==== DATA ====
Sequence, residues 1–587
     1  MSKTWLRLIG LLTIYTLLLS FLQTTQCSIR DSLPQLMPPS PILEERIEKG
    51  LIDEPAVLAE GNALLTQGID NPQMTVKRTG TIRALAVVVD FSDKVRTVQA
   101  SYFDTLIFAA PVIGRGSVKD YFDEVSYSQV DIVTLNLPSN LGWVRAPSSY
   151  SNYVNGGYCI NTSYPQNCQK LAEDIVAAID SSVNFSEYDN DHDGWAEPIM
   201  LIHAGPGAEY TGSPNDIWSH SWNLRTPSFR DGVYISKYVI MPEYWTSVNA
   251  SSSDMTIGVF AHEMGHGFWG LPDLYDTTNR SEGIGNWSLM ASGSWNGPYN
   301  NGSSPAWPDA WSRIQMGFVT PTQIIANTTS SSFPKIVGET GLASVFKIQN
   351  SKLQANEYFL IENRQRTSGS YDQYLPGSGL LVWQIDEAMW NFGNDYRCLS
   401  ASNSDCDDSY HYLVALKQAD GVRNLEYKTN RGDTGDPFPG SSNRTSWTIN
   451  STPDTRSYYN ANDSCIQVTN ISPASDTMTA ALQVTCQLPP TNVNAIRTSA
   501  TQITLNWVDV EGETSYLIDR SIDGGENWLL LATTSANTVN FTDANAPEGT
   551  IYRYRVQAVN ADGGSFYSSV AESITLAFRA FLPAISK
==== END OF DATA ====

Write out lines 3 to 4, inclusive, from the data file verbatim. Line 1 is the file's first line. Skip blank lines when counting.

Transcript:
    51  LIDEPAVLAE GNALLTQGID NPQMTVKRTG TIRALAVVVD FSDKVRTVQA
   101  SYFDTLIFAA PVIGRGSVKD YFDEVSYSQV DIVTLNLPSN LGWVRAPSSY